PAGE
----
The Dow Jones Industrial Average (Dow Jones Indices .DJI) has managed to erase the losses established during the financial crisis.

The blue chip index rose 92 points at 9:49 a.m. Tuesday to 14,221, exceeding the previous record high of 14,164 touched on October 9, 2007; the high established before the financial crisis.

The recovering market indicates investors are gaining confidence in the U.S. economy despite the $85 billion fiscal cliff and continued Eurozone crisis.

dow jones

The Dow Jones Industrial Average (Dow Jones Indices .DJI) has more than doubled after plummeting below 6,550 in March 2009. The Dow, an index of 30 largest U.S. companies, is a widely-watched stock market indicator. The bull run of U.S. equities that started in March 2009 is entering its fifth year.

Investor confidence and sentiments are improving amid signs of recovery in the housing and auto market. The boost in consumer confidence and strong new home sales data have encouraged investors. Big businesses have now started to invest in capital spending instead of building cash piles, and they are hiring more staff now.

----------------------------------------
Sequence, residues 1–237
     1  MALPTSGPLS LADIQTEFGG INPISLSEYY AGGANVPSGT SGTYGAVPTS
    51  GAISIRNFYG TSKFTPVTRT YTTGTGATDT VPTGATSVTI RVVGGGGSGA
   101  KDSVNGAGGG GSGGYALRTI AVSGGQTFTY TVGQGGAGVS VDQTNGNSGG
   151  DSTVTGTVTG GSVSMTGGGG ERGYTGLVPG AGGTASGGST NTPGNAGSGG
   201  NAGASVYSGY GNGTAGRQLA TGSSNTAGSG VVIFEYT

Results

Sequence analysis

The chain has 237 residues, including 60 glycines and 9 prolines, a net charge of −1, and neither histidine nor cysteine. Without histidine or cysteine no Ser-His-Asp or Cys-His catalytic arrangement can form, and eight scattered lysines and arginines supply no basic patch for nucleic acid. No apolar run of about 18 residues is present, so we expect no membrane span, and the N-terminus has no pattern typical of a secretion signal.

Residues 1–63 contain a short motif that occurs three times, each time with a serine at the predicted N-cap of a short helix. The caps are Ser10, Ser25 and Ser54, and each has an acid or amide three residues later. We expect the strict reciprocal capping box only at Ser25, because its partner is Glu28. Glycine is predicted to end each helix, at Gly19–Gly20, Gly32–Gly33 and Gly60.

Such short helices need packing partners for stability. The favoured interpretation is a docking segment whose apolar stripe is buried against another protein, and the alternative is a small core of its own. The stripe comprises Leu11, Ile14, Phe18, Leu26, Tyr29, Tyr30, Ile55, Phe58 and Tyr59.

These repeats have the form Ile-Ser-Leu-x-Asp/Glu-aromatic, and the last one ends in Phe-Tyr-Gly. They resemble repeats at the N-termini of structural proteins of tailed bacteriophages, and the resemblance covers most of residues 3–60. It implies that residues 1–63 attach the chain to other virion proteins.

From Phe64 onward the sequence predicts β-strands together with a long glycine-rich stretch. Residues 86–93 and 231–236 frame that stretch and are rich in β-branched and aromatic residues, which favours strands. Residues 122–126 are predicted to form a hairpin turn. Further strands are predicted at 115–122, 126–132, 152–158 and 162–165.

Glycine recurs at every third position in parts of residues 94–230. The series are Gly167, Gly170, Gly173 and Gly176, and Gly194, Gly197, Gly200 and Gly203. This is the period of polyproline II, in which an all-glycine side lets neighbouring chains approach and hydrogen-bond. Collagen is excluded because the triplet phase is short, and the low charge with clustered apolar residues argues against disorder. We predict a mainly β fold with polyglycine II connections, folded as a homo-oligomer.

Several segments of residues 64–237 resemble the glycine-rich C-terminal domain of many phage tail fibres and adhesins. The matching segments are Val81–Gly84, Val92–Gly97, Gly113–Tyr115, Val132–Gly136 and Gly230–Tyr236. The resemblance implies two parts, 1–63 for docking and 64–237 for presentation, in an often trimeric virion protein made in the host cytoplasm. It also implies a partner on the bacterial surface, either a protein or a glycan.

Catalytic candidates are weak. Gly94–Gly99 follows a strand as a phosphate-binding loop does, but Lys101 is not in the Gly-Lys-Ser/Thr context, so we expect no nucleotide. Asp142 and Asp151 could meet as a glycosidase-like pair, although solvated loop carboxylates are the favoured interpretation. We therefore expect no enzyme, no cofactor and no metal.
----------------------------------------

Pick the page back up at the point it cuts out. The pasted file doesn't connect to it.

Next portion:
Analysts also believe that the commitment of Federal Reserve to maintain low interest rates and quantitative easing has played a key role in creating the growing optimism. In fact, one decision has made stocks more attractive than bonds to investors. On Monday, the Fed vice chairman Janet Yellen said the central bank should continue with its $85 billion a month QE program.

So far, the Dow Jones Industrial Average (Dow Jones Indices .DJI) has gained 7.8 percent this year, one of its best starts in the history. The S&P index increased 11 points to 1,536, slightly below its own record high of 1,565. The NASDAQ also rose 30 points to 3,212.

Today, the Dow was also helped by China’s pledge to maintain its ambitious growth targets, and increase in the European retail sales.

Gerri Willis of the Willis Report, Fox Business Network, recently said such levels get too much attention from the media, but they are meaningless. Such arbitrary benchmarks appear important to outsiders but serve no purpose. Of course, there is a bit of the psychological impact.

Value investors will likely agree with Willis on this one.